Ohio Governor John Kasich (R) signed a bill into law that will restrict abortions after the 20th week of pregnancy unless a doctor determines the fetus is not viable or if the woman's life is endangered. The bill does not include an exception for instances of rape and incest. Doctors who break this law could face arrest or have their medical licenses revoked.
Elizabeth Nash, public policy associate at the Guttmacher Institute, stated, "This is a big deal, in that it could have a real chilling effect on later abortions because there's a potential to be thrust into the court system for providing an abortion after viability. It would be a huge burden for a provider to go through all of that and have to hire a lawyer to prove that you provided an abortion under the law."
Ohio joins 39 other states with late-term abortion limits, including seven states that passed similar legislation: Kansas, Nebraska, Oklahoma, Idaho, Indiana, Missouri, and Alabama. Since January, the Ohio legislature has taken up eight other abortion related bills.
Media Resources: The Daily Record 7/25/11; Huffington Post 7/21/11; Feminist Daily Newswire 7/19/11
10/30/2014 Medication Abortion Access Threatened by Oklahoma Court Ruling - An Oklahoma state district court judge has refused to block a state law restricting medication abortion, clearing the way for the law to go into affect on November 1.
The Oklahoma Coalition for Reproductive Justice, together with a local abortion clinic in Tulsa, challenged HB 2684 in September, arguing that the law was an unconstitutional restriction on non-surgical abortion in the earliest weeks of pregnancy. . . .
10/30/2014 UPS Switches Pregnant Worker Policy Ahead of Supreme Court Case - The United Parcel Service (UPS) is changing its policy on light duty assignments for pregnant workers, even though the company will stand by its refusal to extend accommodations to a former employee in an upcoming Supreme Court case.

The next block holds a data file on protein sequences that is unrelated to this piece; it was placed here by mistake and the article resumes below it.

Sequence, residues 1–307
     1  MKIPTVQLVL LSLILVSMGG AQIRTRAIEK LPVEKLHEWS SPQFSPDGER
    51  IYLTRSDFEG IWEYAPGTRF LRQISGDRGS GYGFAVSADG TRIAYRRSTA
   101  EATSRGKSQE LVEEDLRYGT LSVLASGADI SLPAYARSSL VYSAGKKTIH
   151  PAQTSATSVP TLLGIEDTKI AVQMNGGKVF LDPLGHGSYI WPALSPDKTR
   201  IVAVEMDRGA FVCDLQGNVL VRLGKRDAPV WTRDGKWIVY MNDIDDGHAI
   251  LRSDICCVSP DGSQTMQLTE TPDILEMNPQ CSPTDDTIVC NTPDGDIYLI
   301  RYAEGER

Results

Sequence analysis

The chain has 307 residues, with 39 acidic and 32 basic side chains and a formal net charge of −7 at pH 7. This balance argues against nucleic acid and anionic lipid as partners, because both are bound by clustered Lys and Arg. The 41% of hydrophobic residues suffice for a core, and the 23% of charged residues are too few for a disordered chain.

UPS announced on Monday in a memo to employees, and in a brief filed with the US Supreme Court, that the company will begin offering temporary, light-duty positions to pregnant workers on January 1, 2015. . . .
10/30/2014 North Dakota Medical Students Speak Out Against Measure 1 - Medical students at the University of North Dakota School of Medicine and Health Sciences are asking North Dakotans to vote no on Measure 1, a personhood measure on the state ballot this fall.
The students issued published a letter in the Grand Forks Herald stating that they opposed Measure 1 in part because they are against "the government's taking control of the personal health care decisions of its citizens." Nearly 60 UND School of Medicine students signed the letter, citing concerns over the "very broad and ambiguous language" used in the proposed amendment, which has no regard for serious and life-threatening medical situations such as ectopic pregnancies.
Measure 1 would change the North Dakota state constitution to create an "inalienable right to life" for humans "at any stage of development" - including the moment of fertilization and conception. . . .